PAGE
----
140. 140. Clinical Course of Asbestosis:The clinical findings are Asbestosis are indistinguishable from any other diffuse interstitial disease.Typically, progressively worsening Dyspnea appears 10 to 20 years after exposureThe disease may remain static or progress to congestive cardiac failure or cor pulmonale and death.The lung or pleural cancer associated with asbestos has a grim prognosis
  141. 141. SILICOSISSilicosis is lung disease caused by inhalation of crystalline silicondioxide (silica).Currently Silicosis is the most prevalent chronicoccupational disease in the world.Silicates are abundant in stone and sand. Consequently, anyindustrial worker involved in the grinding of stone or sand will be atrisk from silicosis.In contrast to pure coal dust, silicates are toxic to macrophages ,leading to their death with release of proteolytic enzymes and theundigested silica particles. The enzymes cause local tissuedestruction and subsequent fibrosis; the silica particles are ingestedby other particles and cycle repeats itself.Nodules tend to form in the lungs after many years of exposure.With progressive fibrosis and increasing numbers of nodules ,respiratory impairment increases.
  142. 142. Several coalescent collagenous silicotic nodules:
  143. 143. SARCOIDOSIS DEFINITION A Granuloma characterized by tubercle- like lesionswithout caseation AETIOLOGY Not settled, but may be an immnunologicalymediated disease caused by an unknown virus PATHOLOGY Site: Multiple lesions affect lungs, skin, lymph nodes, spleen, liver,bones, eyes, salivary glands Microscopic Picture: Small rounded nodules resembling milliarytubercles , formed of epithelioid cells, giant cells and lymphocytes.The giant cells are few in number, larger than those of tuberculosisand contain inclusion bodies, Schaumann bodies and Asteroidbodies. Schaumann bodies are laminated concretions composed ofcalcium and proteins. Asteroid bodies are stellate inclusions.Caseation is absent. Old lesions heal by fibrosis
  144. 144. Course: Spontaneous regression in most cases. Death may resultfrom pulmonary fibrosis, nephroclacinosis or intercurrent infection. Diagnosis: (i) Kvein test : Subcutaneous injection of sterile sarcoid tissuehomogenate is given , it produces granuloma in affected patients. (i) Biopsy: (iii) Serum levels of Angiotensin Converting Enzyme ACE): Raised in 35 – 40% of patients.
  145. 145. Sarcoidosis: Characteristic Sarcoid noncseating Granulomain lung with many Giant cells
  146. 146. TUMOURS OF LUNG- Lung tumours may be primary or secondary. Both arecommon.- In the primary lung tumours following are usuallyincluded (i) Bronchogenic Carcinoma (90 to 95% of tumours) (ii) Bronchial carcinoids ( 5%) (iii) Mesnchymal and other tumours ( 2 to 5%).
  148. 148. BRONCHOGENIC CARCINOMA Most common primary malignant tumour in the world. Directly related to cigarette smoking. It accounts for approximately 95% of primary lung tumours. Associated with occupational exposure tocarcinogens. Overall 5- year survival rate 4 – 7 %. It is a malignant tumour that arises in the lining epithelium of major bronchi usually close to the hilus of the lung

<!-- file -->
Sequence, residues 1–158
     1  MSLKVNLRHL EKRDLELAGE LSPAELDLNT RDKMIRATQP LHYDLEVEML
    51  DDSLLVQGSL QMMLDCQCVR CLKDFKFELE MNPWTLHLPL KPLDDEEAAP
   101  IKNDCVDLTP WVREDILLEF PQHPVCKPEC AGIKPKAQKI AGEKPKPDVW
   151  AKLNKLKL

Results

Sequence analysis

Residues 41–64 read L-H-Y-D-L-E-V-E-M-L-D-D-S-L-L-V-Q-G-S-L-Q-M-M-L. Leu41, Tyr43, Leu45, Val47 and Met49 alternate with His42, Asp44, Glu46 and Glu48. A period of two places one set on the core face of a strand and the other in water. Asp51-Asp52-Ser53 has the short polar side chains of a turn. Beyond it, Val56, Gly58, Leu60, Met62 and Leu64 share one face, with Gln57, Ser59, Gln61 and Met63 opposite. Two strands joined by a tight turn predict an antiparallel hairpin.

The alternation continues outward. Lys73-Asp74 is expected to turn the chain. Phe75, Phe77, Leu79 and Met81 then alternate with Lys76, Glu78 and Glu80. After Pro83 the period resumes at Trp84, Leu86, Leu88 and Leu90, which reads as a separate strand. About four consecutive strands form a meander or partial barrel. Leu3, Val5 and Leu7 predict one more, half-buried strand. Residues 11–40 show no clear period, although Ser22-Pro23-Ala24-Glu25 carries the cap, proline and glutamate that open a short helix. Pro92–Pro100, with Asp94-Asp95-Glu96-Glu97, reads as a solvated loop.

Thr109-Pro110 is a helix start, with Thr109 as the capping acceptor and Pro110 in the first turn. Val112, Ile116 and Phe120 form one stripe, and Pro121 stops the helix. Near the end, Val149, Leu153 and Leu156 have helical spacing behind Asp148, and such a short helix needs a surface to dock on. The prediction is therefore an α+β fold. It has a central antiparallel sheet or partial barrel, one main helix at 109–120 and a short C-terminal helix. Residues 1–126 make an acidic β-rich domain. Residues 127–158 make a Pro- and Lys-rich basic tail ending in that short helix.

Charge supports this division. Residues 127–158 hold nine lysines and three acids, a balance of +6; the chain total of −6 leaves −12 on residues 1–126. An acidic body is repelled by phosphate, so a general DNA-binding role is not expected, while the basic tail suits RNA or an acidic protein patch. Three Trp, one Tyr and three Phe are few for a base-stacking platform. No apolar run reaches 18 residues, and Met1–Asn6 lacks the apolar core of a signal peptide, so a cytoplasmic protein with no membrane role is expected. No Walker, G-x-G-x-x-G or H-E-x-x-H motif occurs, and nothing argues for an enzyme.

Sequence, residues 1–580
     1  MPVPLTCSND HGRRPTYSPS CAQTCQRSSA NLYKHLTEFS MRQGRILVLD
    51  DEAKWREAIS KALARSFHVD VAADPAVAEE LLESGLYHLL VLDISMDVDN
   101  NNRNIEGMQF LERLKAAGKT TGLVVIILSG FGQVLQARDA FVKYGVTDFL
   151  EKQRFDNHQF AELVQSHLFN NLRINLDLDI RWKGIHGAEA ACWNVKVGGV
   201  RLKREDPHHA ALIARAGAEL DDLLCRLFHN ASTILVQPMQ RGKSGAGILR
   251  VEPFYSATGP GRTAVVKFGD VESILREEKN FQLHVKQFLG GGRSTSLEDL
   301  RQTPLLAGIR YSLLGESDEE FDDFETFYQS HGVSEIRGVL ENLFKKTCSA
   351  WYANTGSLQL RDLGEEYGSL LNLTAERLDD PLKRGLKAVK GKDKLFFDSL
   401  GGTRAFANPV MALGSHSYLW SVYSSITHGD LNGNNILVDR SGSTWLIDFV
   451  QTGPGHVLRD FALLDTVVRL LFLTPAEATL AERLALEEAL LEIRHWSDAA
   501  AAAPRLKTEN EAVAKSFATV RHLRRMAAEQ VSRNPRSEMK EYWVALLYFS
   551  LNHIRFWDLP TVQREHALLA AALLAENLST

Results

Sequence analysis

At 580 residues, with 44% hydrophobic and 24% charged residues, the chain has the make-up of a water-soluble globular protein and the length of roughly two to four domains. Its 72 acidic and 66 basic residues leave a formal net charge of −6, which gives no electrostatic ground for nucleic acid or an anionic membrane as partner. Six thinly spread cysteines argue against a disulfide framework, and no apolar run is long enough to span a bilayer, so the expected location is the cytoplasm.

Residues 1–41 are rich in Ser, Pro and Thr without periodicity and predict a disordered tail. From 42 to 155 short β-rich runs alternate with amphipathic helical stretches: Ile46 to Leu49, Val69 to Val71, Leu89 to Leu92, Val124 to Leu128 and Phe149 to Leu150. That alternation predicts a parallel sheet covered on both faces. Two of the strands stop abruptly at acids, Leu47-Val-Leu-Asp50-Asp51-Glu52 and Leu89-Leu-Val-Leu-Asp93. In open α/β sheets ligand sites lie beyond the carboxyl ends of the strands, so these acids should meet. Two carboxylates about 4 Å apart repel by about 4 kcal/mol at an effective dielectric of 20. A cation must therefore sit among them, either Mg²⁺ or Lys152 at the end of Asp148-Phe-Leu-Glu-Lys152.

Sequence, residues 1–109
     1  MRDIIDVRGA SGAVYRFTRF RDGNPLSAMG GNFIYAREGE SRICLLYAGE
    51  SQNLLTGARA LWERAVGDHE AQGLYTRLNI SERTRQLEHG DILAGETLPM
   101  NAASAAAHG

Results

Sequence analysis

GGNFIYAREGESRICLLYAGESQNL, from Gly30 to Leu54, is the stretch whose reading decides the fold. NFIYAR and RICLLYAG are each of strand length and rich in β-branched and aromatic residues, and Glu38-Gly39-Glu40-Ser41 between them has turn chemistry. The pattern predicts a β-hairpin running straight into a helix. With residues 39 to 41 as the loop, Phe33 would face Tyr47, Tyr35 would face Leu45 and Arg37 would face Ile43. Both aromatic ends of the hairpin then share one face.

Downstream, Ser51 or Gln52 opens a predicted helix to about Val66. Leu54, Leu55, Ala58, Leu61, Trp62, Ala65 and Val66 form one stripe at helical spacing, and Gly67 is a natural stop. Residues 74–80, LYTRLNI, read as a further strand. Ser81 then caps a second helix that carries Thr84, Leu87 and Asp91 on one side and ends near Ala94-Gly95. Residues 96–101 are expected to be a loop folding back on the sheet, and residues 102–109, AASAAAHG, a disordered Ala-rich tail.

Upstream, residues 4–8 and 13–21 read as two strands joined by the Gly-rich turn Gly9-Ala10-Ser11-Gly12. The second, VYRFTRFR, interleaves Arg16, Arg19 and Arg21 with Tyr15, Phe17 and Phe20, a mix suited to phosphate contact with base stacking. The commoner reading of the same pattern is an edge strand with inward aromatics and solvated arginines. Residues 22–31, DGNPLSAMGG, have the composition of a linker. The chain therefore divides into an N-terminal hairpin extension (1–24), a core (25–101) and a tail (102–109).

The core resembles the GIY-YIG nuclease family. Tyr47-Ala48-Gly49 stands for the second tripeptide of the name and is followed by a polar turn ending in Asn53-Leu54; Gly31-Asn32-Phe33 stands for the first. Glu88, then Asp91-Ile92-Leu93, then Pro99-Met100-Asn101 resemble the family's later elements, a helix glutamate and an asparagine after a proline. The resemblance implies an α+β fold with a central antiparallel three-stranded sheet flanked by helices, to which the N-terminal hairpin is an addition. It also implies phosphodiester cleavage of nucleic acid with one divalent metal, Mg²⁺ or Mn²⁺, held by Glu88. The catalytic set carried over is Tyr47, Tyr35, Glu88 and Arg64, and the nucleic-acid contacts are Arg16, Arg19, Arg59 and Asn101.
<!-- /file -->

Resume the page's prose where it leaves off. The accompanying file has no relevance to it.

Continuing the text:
149. 149. Morphologic Classification of Bronchogenic Carcinoma 1. Squamous Cell Carcinoma 2. Small Cell Carcinoma ( including oat cellcarcinoma) 3. Adenocarcinomas 4. Large Cell Undifferentiated Carcinoma.
  150. 150. Lung Cancers- Bronchogenic carcinomas Develops within the wall or epithelia of the bronchial tree. Epithelial cells that develop abnormal chromosomal changes (dyplastic cells) turn into cancer and invade deeper tissue.
  151. 151. AETIOLOGY & PATHOGENESIS OF BRONCHOGENIC CARCINOMA 1.TOBACCO SMOKING- Squamous cell and small cell lung carcinoma are morecommon in males because of increased cigarette smoking- There is 20 times increased risk of lung cancer with 40cigarettes per day for several years- About 80% of lung cancers occur in active smokers- Cigarette smoke contains: i. Initiators for carcinogenesis: Polycyclic aromatichydrocarbons like Benzopyrene ii. Promoters for carcinogenesis: Phenol derivatives iii. Radio – active elements: C – 14 , K - 40
  152. 152. In lung cancer it has been estimatedthat 10 to 20 mutations have occurred bythe time the tumour is clinically apparent. The dominant oncogenes in Bronchogeniccarcinoma: - c- myc - K –ras - Mutation in tumuor suppressor gene- p -53
  153. 153. Risk of Lung Cancer in Smokers
  154. 154. Risk of Lung Cancer in Smokers 70 Relative Risk for CA of lung 60 50 40 30 20 10 0 Non Smoker 1 to 10 11 to 20 21 to 30 31 to 40 > 41 No. of Cigarettes/day
  155. 155. Tobacco SmokeSquamous Metaplasia of Respiratory Epithelium Dysplasia Carcinoma in situ Lung Cancer
  156. 156. Adverse effects of smoking:The more common on the left and the somewhat less common on the right
  157. 157. Association between Cigarette smoking and Carcinoma Bronchogenic Carcinoma Carcinoma Lip Carcinoma Tongue Carcinoma Floor of Mouth Carcinoma Pharynx Carcinoma Larynx Carcinoma Esophagus Carcinoma Urinary bladder Carcinoma Pancreas Carcinoma Kidney